Maintenance“The thinkers of the living” (2/12). Sensorial encounter with animals is essential in order to get to know them, marvel at them and better preserve them, believes the diver and oceanographer, a specialist in cetaceans and free swimming with white sharks.
Doctor of oceanography, professional diver, expedition leader for thirteen years aboard the Calypso by Commander Cousteau, François Sarano notably published Moby Dick Returns (Actes Sud, 2017) and, with his wife, Véronique, Save the ocean! (Rustica Editions, 2020). The career of this research director of the Deep Ocean Odyssey program and co-founder of the Longitude 181 association was recently traced by Coralie Schaub in Francois Sarano. Reconciling men with wild life (Southern Acts, 2020).
An incredible scene of meeting a young sperm whale, in 2013, off the coast of Mauritius, was, for you, initiatory. How did your dance with Eliot make you understand the singularity of living things?
The meeting with Eliot was overwhelming because it was he, the wild animal, who gave it to me. An encounter with a wild animal is something visceral, primal, it is experienced with the heart, eye to eye; it is experienced with all its senses. It comes from the bottom of the body. It is not something cerebral or intellectual. We are at the mercy of the animal, it is he who decides whether or not to give you his attention, an “audience”. We are at the mercy of his flight. You have to be humble, benevolent, respectful. You have to know how to receive. It is he who grants the happiness of the moment. The encounter is genuine or it is not. You can’t cheat, negotiate, tack. This is why it is upsetting.
How did this strange encounter come about?
Eliot, a young male sperm whale, free, untamed, comes without consideration, without constraint, to meet me. He has the ocean for him where I am quite unable to follow him. He comes to satisfy his curiosity, he comes to study me. There are twelve minutes left, that’s a very long time. It means he is confident. A wild animal that is not well goes. Eliot is delicate, he doesn’t hurt me, nor does he hurt my friend, cameraman René Heuzey. He even twists to pass between the two of us without jostling us. He lies on his back, he offers himself, belly turned towards the surface. Clearly, through these attitudes he asks for physical contact. Then he emits the “coda” forty times [des séries de clics baptisées ainsi par les scientifiques] eight-click feature [son créé en expulsant de l’air depuis la partie avant de leur nez] which is a request for physical contact, caresses.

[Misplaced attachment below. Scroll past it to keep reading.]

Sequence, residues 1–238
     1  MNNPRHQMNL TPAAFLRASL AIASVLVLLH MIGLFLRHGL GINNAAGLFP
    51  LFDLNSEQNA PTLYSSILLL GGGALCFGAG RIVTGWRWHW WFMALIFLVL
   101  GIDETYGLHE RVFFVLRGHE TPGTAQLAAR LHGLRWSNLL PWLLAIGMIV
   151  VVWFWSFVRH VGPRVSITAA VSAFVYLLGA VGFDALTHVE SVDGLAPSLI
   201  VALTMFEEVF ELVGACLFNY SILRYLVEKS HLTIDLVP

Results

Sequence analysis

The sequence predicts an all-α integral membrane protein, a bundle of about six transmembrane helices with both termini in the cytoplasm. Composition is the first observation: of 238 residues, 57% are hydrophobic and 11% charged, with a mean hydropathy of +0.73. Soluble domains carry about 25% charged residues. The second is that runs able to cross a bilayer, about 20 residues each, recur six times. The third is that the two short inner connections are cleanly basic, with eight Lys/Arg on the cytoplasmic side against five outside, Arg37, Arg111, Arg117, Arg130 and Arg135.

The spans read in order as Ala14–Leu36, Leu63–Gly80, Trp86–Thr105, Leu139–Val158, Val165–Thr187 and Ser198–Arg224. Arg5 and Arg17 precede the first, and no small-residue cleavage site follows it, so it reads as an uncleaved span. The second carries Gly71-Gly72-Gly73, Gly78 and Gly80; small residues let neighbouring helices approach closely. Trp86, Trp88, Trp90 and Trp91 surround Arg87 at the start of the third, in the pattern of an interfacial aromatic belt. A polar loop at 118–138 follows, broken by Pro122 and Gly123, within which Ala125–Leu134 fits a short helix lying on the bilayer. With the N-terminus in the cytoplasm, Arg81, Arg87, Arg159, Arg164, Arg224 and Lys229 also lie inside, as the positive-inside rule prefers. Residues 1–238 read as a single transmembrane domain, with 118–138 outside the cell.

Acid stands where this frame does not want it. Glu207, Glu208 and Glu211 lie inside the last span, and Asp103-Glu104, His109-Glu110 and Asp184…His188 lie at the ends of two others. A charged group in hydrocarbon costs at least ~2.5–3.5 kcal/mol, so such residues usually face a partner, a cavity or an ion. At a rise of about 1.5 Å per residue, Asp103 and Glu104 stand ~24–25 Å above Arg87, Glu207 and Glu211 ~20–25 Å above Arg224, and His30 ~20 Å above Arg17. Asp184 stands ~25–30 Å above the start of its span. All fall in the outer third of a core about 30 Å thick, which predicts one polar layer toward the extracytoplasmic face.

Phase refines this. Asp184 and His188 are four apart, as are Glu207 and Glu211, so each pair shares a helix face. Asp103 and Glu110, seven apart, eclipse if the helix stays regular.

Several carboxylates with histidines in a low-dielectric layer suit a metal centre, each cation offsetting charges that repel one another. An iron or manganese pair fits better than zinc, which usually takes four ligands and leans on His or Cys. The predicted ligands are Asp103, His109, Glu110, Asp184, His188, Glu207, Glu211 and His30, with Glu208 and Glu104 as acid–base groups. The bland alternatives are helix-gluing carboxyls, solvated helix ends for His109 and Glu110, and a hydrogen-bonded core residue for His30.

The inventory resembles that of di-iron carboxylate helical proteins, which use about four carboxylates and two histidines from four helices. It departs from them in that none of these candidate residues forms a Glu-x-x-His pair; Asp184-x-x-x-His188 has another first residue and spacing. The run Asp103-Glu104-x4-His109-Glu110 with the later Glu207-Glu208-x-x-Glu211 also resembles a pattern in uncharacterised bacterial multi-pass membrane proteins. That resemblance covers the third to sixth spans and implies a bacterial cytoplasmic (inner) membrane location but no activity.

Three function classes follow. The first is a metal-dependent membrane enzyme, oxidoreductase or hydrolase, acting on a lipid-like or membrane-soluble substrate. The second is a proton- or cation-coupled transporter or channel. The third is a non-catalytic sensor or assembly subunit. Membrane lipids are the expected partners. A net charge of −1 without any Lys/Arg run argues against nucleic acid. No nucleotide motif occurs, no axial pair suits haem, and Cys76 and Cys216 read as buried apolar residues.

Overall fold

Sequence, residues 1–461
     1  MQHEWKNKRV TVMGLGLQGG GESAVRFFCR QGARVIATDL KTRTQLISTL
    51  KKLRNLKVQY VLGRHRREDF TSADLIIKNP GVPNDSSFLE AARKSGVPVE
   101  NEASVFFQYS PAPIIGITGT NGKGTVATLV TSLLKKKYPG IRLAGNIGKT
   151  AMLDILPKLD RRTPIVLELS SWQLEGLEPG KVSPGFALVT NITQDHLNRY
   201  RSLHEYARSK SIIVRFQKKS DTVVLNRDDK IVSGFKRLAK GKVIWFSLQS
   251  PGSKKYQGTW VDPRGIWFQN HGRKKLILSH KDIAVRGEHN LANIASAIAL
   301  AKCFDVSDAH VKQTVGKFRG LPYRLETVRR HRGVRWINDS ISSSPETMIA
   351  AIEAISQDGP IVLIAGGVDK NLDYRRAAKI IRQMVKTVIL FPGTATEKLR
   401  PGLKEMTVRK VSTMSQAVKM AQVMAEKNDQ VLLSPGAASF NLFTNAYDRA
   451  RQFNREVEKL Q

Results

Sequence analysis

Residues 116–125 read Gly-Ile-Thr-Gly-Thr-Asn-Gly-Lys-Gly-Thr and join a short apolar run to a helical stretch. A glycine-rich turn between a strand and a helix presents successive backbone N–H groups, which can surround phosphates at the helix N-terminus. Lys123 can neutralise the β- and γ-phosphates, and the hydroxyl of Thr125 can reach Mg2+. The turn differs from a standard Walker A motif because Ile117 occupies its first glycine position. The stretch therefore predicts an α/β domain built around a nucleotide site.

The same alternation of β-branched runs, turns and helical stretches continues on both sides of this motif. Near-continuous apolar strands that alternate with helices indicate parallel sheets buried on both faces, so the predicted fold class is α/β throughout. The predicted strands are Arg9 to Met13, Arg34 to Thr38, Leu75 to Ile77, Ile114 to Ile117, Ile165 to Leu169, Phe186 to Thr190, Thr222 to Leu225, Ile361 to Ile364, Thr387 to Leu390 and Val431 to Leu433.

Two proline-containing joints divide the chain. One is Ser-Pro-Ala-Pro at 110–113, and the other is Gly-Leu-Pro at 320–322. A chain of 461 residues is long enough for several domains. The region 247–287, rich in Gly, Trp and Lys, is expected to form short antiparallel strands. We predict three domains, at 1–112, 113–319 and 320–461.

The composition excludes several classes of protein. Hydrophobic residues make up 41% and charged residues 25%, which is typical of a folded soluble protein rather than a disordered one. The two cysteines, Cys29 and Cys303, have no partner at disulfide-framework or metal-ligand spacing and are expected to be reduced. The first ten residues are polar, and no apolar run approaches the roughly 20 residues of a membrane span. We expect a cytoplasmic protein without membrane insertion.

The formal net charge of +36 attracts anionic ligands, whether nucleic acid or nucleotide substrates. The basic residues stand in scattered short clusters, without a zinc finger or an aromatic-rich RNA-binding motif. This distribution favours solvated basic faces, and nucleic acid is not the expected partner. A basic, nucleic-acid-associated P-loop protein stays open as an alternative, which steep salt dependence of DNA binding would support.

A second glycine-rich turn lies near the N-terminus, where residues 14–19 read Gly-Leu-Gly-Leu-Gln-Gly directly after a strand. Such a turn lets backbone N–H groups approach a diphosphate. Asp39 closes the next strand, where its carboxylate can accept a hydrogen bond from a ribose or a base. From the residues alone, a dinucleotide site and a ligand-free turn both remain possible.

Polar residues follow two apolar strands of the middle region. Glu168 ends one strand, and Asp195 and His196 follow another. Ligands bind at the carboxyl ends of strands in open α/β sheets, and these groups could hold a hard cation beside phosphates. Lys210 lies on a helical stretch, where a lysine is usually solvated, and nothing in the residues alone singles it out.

So I translate that he wants to enter into a relationship with me, a different species, that he is in search of otherness. He wants to tame me, that is to say to create links without bondage, links which offer each one a reciprocal well-being. This shows that we humans have neither the monopoly of wanting to study, nor the monopoly of wanting to tame others. Not only is it overwhelming to be called upon by a wild animal, but it is even more overwhelming to understand that this is not an attitude characteristic of the sperm whale species, but that it is specific to the individual, Eliot.
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